As Ria Novosti reports, the duty-free trade deal between Russia and Ukraine is coming to an end. Russia says fundamental changes mean that it will invoke Article 62 of the Vienna Declaration to terminate the understanding.

The move comes  after Ukraine signed the Association Agreement on June 27, which gives Kiev provisions for the creation of a free trade zone and the removal of import tariffs. Russia’s government has stated on multiple occasions that if Ukraine becomes part of a free trade zone with the European Union, Russia will need to protect its internal market from the tariff-free flow of European goods from Ukraine.

RIA quotes a source from the government familiar with the situation  as saying “the circumstances that existed in the time when the CIS free trade area agreements were signed have significantly changed for Ukraine which is historically the main trade partner of Russia being deeply integrated in many areas of the economy”.

The cancellation of the duty-free relationship with Ukraine will lead to higher import tariffs of approximately  7.8 percent.

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Indexation of Ukraine Export/Import Tariff

Our Ukranian colleagues have advied that the Ukranian Ministry of Infrastructure is increasing tariffs for export and import and transit shipments via its territory starting from July 23rd. This has been announced in the official decree from Ukranian Ministry.
This may result in higher rates for shipping; please be guided accordingly.

Ukraine to Close Crimean Ports to International Shipping

The Ukrainian government is planning to close all ports in Crimea to international shipping.  According to a circular from P&I club Skuld,  Ukraine’s Ministry of Infrastructure has issued a Directive No. 255 titled “On Closure of Sea Ports” , that would formally close sea ports in the Crimean region to international shipping. The directive affects the ports of Kerch, Theodosia, Sevastopol, Yalta, and Evpatoria.

The ports in the breakaway region are currently open and are effectively functioning as Russian ports.

According to a P&I Club correspondent, the directive means that if a vessel were to call at a port in Ukraine after a call at a port in the Crimean region, penalties could follow, such as delays, detention and fines. The circular added that formal prosecution steps could also be undertaken by Ukrainian authorities.

It’s too early to make predictions in respect of the consequences of vessel calls into Crimean ports, however the experts are unanimous that the closure of the ports may give Ukraine and other countries formal reasons to inspect or even detain vessels  under the requirements of ISPS Code for  vessels that have visited Crimea.

In addition,  the EU has introduced trade sanctions in respect of goods originating in Crimea or Sevastopol.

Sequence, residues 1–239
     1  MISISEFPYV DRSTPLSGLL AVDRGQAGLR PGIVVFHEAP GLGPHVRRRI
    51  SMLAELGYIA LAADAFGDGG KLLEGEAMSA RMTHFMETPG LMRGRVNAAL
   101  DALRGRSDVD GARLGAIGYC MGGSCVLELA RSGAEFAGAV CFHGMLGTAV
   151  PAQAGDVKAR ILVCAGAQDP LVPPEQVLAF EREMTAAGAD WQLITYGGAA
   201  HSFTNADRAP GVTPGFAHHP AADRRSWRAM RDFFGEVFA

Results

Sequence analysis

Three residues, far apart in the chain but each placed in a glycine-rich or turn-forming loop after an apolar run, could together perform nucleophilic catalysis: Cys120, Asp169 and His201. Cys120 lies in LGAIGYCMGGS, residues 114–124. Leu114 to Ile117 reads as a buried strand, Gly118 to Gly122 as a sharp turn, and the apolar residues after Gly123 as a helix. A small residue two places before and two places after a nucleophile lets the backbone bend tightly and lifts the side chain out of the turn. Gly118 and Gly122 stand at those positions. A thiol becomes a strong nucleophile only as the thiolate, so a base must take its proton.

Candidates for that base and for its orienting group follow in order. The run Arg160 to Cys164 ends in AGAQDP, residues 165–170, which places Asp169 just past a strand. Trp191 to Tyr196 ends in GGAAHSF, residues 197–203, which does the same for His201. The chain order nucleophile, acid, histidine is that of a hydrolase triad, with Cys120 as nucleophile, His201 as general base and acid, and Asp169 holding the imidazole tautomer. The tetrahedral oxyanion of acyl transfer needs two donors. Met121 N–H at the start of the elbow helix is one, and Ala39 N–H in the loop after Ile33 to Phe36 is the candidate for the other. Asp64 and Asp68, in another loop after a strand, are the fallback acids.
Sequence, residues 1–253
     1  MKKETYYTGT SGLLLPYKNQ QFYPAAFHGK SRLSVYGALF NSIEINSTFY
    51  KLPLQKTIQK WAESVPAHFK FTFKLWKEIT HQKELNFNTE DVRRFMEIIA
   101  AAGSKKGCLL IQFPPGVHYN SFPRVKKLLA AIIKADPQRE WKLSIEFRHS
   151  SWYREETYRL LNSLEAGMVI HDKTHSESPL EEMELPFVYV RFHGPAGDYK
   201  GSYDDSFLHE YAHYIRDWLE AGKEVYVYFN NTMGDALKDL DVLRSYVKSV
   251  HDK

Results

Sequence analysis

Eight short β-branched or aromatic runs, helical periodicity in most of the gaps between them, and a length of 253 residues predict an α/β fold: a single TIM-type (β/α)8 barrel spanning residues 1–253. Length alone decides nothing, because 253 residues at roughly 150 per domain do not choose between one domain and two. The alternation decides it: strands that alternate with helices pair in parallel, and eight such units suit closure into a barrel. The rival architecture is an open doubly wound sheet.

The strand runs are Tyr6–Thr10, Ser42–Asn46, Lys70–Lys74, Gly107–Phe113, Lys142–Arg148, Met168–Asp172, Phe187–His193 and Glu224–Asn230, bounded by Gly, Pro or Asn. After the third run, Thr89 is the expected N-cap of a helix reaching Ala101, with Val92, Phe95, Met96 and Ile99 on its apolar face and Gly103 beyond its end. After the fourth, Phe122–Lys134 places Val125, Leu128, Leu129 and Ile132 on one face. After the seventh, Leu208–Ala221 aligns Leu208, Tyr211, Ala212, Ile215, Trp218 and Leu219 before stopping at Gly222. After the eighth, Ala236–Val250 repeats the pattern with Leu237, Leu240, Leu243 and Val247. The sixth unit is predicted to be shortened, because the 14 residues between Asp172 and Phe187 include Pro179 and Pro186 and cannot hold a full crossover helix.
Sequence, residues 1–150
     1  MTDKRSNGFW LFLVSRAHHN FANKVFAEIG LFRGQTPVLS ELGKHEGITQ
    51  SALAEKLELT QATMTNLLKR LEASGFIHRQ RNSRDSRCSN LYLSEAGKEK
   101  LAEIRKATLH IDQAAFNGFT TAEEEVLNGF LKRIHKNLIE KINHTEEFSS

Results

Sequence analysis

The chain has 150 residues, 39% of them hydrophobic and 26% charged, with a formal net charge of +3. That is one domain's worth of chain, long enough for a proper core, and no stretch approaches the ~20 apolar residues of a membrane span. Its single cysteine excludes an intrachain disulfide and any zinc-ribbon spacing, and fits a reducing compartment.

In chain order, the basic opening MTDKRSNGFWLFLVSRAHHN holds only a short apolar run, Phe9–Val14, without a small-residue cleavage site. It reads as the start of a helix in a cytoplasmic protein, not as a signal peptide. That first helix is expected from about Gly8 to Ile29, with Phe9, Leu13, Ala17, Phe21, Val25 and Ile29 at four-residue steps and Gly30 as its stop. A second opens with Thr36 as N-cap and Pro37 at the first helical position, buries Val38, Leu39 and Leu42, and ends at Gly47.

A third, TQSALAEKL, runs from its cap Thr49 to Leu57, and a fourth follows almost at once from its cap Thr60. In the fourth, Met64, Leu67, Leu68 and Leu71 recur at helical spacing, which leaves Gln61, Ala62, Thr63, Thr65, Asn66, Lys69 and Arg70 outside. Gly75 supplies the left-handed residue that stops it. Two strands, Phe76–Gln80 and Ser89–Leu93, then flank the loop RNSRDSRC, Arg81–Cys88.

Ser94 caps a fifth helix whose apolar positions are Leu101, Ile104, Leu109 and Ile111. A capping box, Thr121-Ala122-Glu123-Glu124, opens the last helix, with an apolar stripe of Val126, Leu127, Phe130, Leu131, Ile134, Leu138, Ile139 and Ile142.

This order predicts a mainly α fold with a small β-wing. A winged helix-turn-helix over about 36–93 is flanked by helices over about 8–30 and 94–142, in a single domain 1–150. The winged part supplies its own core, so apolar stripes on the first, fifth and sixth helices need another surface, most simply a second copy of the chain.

The UK P&I Club says that members who are subject to the scope of application of the EU sanctions are advised to seek advice before fixing contracts for voyages from Crimea and Sevastopol.

The International Group of P&I Clubs has issued  acircular on the EU sanctions that can be accessed HERE

 

Russia Approves Novorossiysk Port’s Ownership Division

Russia’s government has agreed to a plan to divide the country’s largest port operator, OAO Novorossiysk Commercial Sea Port, between its two controlling shareholders to end a battle that has stalled spending on oil terminals, according to two people with knowledge of the deal.

The Federal Property Management Agency requested President Vladimir Putin to approve the proposal to split off the port group’s oil terminals to state-run pipeline operator OAO Transneft. Businessman Ziyavudin Magomedov’s Summa Group would gain control over the port group’s remaining business.

NCSP Group, which handles about 33% of Russia’s crude exports, has been unable to approve investments to expand its oil division during the more than yearlong shareholder conflict. Russia depends on oil and gas for half of the government’s revenue.

Transneft and Summa together control 50.1 percent of NCSP through their jointly owned Novoport Holding Ltd. Transneft will receive the oil-loading facilities, including the Primorsk port on the Baltic Sea and Sheskharis terminal at Novorossiysk on the Black Sea, while Summa will buy Transneft’s stake in NCSP, which will keep the non-oil assets.

It has been said that after the deal, Summa will control 60 percent of the port operator.

As the Vedomosti newspaper reported earlier this year, the property agency proposed that NCSP pay out a special dividend before the deal to benefit minority shareholders.

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China Signs Natural Gas Contract with Russia

According to the news agency Reuters, China signed a $400 billion, 30-year deal with Russia to bring Russian natural gas to China beginning in 2018.

The agreement is for 38 billion cubic meters (about 1.34 trillion cubic feet) of gas annually, which is about 20 percent of Russia’s European gas sales. The deal is expected to further the strategic goals of Moscow and Beijing to diminish the status of the U.S. dollar by conducting world trade in critical commodities such as oil and gas using other currencies.